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Thorpeness Meare: The lake with Neverland at its heart

With Peter Pan islands, boats in every shade of the rainbow, and plenty of secrets to uncover, Thorpeness Meare is the centrepiece of this fantastic village on the Suffolk coast.

The House in the Clouds looks over The Meare

Thorpeness was the dream of wealthy Scottish barrister Glencairn Stuart Ogilvie. Originally a fishing hamlet called Thorpe in what would later be designated an Area of Outstanding Natural Beauty, it was seen by Ogilvie as the perfect place to create an adult playground for his family and friends. Once complete, he renamed it Thorpeness to distinguish it from all the other Thorpes in East Anglia, and one of the most unique villages in the country was born.

Much is made of the famous House in the Clouds at Thorpeness, the disguised water tower, but without the Meare the village would be much the poorer. Including the islands and surrounds, the Meare covers over sixty acres of ground, and the whole thing was dug out by hand. It may be wide, but at no point is it more than three feet deep, Ogilvie’s intention was that children from a very young age could learn to punt, sail and row in comparative safety.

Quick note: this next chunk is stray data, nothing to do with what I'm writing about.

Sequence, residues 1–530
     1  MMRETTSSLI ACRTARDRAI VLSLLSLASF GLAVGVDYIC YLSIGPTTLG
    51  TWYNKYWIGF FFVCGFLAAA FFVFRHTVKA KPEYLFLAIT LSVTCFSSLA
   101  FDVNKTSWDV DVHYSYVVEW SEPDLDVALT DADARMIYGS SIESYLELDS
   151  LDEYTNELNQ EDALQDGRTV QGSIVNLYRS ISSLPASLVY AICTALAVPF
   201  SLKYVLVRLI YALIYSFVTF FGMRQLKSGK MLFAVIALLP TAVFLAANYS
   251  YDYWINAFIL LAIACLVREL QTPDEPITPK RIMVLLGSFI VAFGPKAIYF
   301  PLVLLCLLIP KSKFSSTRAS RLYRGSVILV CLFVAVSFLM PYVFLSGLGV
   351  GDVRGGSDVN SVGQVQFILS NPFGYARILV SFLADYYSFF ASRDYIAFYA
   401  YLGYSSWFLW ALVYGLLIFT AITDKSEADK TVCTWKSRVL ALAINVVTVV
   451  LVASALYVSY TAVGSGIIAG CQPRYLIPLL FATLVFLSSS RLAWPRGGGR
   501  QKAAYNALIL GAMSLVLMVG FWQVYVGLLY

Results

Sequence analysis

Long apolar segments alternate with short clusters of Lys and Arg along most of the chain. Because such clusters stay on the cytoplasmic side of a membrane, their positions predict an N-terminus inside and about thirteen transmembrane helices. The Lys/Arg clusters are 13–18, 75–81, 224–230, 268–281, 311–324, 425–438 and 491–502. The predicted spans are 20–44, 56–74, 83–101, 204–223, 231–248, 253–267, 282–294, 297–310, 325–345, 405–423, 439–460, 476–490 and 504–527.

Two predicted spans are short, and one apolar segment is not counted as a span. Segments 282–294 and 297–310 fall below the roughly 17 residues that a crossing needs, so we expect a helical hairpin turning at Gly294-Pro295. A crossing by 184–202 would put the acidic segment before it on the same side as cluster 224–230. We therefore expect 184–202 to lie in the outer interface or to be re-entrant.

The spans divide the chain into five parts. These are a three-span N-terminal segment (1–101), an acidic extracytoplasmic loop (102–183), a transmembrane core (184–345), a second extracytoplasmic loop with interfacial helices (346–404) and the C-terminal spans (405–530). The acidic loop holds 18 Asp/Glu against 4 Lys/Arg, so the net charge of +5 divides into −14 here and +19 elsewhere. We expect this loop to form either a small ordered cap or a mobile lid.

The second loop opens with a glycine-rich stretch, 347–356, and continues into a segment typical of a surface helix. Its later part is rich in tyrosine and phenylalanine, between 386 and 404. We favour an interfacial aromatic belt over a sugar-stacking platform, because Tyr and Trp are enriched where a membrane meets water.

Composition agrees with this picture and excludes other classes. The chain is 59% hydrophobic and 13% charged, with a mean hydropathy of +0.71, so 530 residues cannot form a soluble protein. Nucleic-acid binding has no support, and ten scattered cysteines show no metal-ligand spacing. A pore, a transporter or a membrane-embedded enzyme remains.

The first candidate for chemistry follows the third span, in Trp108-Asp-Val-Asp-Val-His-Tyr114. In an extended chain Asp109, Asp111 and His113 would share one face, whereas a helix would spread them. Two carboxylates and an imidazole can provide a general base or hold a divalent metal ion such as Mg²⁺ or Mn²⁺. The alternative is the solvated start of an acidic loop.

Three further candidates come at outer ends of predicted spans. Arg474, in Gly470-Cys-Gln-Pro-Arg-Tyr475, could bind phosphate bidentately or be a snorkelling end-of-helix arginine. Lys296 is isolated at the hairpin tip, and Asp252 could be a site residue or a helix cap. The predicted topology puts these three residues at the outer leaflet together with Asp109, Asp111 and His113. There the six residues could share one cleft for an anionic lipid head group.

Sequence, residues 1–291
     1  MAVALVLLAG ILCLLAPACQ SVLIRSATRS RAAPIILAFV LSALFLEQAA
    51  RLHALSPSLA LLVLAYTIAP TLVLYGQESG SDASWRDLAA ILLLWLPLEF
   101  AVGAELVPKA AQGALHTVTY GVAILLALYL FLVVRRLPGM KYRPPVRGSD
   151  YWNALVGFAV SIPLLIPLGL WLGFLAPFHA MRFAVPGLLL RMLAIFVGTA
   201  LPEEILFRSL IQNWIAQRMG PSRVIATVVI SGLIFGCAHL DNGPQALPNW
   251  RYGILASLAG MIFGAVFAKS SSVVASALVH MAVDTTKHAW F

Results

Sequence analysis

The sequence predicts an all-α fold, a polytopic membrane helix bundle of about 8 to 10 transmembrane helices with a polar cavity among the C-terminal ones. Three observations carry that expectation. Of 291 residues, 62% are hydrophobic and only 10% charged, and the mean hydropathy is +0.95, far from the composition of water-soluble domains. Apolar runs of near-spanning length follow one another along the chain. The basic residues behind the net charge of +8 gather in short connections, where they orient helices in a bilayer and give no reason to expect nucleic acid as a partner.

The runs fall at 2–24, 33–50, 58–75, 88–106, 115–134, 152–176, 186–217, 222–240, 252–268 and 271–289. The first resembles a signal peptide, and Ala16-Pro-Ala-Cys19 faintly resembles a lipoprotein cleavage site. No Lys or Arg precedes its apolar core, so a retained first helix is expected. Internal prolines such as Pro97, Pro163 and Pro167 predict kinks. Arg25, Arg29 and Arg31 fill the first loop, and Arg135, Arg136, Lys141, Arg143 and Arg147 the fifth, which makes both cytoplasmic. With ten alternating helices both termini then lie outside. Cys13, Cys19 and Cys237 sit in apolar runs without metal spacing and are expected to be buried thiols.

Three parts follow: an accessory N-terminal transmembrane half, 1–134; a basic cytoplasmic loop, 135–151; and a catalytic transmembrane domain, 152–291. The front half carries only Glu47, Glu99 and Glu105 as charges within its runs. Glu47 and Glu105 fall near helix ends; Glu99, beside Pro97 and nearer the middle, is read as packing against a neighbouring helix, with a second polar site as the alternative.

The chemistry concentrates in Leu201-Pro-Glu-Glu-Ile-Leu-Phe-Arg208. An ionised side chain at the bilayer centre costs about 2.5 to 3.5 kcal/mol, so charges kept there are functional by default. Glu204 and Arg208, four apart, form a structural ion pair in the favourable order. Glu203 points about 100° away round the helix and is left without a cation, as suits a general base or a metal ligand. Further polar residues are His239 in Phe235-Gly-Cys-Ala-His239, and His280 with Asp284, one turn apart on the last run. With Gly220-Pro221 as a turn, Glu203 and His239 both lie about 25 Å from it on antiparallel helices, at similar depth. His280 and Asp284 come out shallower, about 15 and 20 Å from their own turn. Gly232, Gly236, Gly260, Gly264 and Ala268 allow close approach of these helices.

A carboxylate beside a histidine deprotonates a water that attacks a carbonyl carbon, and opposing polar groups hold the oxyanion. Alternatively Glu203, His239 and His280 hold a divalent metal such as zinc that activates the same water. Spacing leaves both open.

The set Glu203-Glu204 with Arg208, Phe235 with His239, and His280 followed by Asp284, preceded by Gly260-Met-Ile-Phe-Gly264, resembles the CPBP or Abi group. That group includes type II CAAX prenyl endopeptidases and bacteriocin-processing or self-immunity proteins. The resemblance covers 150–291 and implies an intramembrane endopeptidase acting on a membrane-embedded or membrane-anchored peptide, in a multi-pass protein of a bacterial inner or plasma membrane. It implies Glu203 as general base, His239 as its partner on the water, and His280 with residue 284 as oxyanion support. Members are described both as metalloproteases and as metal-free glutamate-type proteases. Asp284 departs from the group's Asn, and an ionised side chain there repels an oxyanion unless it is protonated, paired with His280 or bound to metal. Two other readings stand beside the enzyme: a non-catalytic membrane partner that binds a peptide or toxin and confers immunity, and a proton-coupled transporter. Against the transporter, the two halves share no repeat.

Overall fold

The idea for the lake was sparked by one of Ogilvie’s close friends, or rather one of their books. J.M. Barrie, creator of Peter Pan, knew the barrister well, and it was Barrie’s tales of the Neverland that inspired him to create the Meare. This is why, when you explore the tiny islands, coves, and creeks, you’ll find the Pirate’s Lair, Wendy’s Home, and Captain’s House amongst many others. The eagle-eyed may even spot a crocodile in between the trees, not ticking though, thankfully.

Hire a boat and start your Peter Pan adventure

A century on and the Meare is still a fantastic water playground. It’s open every summer until the end of October half-term, and these days there are over 100 boats for hire including rowing boats, kayaks, canoes, punts, dinghies, and sailing boats meaning there is a vessel to suit everyone. It was once dubbed ‘The Child’s Paradise’ by Ogilvie, and despite the long intervening years, the name still fits.